This is the 14th book in the Dead-End Job Mysteries by Elaine Viets, who also authors the Mystery
Shopper Series which features Josie Marcus. The protagonist in the present novel is Helen Hawthorne, who with her husband and private eye partner, Phil, run Coronado Investigations, in Fort Lauderdale. When Helen is hired to find a missing watercolor by John Singer Sargent whose worth is estimated to be a million dollars due in part to a handwritten note by Clark Gable on the revere side, Helen goes undercover as a library volunteer to try to find the small piece of art, part of a collection donated to the Flora Park Library, which is believed to be tucked into one of the thousands of books which comprise the collection, as have been two other important documents, a birth certificate and a deed to a Tallahassee property. The various characters who people the library and become suspects include the library director, the librarian whose province is the checkout desk, the head of the Friends of the Library, and a benefactor who confuses the library with her own persona, among others. Another mystery arises with an apparent ghost haunting the library.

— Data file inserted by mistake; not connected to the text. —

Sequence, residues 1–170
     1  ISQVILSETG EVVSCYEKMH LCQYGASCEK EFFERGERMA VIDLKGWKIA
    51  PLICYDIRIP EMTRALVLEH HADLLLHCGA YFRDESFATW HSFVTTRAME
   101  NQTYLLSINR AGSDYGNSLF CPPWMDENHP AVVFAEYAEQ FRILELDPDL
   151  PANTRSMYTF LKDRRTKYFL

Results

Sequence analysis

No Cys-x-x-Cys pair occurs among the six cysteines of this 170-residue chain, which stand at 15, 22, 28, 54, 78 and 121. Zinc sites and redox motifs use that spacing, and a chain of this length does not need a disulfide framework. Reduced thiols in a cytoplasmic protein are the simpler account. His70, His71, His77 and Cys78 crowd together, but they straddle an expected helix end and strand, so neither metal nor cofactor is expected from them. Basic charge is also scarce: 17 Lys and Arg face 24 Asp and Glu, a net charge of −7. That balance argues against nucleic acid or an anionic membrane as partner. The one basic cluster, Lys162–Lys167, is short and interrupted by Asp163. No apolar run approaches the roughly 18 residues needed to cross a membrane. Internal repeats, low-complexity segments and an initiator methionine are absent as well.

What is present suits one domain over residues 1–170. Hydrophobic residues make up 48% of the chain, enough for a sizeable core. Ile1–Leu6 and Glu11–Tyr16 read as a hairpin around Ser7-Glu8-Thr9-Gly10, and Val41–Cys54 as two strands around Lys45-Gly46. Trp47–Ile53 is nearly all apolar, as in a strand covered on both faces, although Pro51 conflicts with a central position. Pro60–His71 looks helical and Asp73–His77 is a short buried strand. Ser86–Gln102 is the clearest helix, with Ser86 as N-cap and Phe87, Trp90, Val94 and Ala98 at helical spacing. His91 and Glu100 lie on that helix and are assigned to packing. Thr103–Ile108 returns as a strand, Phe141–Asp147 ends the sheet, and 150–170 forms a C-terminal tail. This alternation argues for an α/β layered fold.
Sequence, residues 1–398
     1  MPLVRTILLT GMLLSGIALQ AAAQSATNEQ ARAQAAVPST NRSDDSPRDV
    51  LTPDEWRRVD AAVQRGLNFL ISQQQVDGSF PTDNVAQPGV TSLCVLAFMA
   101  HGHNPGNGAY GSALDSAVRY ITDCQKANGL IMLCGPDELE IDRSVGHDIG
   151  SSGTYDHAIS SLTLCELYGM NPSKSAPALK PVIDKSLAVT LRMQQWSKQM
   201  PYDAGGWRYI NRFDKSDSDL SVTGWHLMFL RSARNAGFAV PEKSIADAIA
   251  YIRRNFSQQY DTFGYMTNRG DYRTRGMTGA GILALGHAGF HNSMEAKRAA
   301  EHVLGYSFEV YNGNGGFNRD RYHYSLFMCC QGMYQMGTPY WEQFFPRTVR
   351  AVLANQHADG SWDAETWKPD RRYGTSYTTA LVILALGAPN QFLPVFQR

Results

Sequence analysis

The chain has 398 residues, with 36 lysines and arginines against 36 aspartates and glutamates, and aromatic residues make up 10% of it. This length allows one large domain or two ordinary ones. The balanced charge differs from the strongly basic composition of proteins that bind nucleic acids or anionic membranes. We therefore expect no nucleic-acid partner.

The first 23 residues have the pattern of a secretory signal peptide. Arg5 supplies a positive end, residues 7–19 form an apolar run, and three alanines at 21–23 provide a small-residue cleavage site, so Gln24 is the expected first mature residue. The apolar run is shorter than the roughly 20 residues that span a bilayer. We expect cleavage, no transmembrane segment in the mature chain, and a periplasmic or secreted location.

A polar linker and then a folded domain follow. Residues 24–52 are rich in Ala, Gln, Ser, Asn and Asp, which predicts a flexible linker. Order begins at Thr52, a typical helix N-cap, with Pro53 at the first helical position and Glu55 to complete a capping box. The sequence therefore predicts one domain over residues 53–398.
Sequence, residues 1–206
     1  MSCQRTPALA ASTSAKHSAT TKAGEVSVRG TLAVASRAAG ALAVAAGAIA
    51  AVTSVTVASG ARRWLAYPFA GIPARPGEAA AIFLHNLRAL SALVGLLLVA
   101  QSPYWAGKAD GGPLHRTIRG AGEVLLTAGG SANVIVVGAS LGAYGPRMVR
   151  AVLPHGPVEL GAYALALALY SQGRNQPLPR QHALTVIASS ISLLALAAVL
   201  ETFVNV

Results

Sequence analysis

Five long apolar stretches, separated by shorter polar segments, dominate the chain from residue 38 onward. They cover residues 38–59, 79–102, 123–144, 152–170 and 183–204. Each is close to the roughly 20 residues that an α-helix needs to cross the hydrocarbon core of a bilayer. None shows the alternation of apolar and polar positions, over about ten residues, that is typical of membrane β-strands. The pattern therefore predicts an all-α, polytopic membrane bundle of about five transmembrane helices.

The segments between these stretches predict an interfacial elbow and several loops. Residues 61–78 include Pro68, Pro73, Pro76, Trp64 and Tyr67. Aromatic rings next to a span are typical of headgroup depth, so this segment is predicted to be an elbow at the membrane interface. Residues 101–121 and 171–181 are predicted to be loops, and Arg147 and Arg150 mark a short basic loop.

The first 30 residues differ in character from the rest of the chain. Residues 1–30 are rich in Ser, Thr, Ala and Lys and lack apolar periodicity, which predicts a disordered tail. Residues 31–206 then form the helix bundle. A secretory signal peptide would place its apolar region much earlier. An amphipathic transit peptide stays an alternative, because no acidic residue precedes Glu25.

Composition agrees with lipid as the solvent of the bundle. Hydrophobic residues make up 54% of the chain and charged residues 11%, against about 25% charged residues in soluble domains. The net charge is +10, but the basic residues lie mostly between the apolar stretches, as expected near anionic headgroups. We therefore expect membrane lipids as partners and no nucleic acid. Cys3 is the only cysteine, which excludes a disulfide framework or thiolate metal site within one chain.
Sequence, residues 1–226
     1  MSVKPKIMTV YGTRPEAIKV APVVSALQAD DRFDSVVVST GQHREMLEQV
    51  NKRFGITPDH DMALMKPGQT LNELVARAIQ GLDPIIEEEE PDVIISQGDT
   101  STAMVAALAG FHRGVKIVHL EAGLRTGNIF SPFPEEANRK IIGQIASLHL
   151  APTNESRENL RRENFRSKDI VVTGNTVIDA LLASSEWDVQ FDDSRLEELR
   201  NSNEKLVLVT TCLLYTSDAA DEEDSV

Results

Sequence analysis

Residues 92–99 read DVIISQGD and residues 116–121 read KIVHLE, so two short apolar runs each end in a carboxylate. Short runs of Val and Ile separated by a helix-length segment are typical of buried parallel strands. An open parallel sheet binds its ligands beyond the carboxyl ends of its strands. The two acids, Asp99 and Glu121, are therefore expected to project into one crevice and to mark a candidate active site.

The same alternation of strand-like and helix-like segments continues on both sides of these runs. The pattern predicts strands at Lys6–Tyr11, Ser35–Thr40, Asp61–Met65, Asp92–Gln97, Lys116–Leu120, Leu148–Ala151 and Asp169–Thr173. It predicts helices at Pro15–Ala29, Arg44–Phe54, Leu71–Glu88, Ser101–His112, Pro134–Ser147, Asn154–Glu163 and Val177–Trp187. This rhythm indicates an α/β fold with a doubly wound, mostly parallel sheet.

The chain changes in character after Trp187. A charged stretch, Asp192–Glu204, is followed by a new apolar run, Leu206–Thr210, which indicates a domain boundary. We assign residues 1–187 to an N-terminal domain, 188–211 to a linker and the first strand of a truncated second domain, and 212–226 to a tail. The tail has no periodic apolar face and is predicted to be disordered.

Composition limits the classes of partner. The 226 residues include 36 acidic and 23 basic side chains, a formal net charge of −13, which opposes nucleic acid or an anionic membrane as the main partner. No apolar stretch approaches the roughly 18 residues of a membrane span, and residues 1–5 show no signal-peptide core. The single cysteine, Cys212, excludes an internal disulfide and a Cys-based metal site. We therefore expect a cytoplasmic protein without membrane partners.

At the same time, Phil is tasked with his own undercover job, as a gardener at a luxurious home from which the owner’s gift to his daughter on her 21st birthday, a very expensive diamond and ruby necklace, has been stolen, as has a golf cart, as to which I suppose one has to be a Floridian to understand. Another colorful group of characters populate this aspect of the story.
Not surprisingly, the author includes references to various authors, mainly but not exclusively those who write mysteries, along with a lot of interesting information not familiar to those of us who are not librarians. There is also a lot of what I found to be somewhat superfluous descriptions of the clothes worn by the library’s workers and patrons. Things get more sinister when a fatal hit-and-run incident occurs, the only clue being that the vehicle in question was white, following which nearly every car owned or driven by any of the characters is white, nearly each of these sporting a dent or a ding from one supposedly innocent event or another. The author amps up the suspense as the book nears its conclusion and the solution to the two sets of mysteries. As always, Ms. Viets has provided us with a very entertaining novel. It is a fast read, and one which is recommended....Continua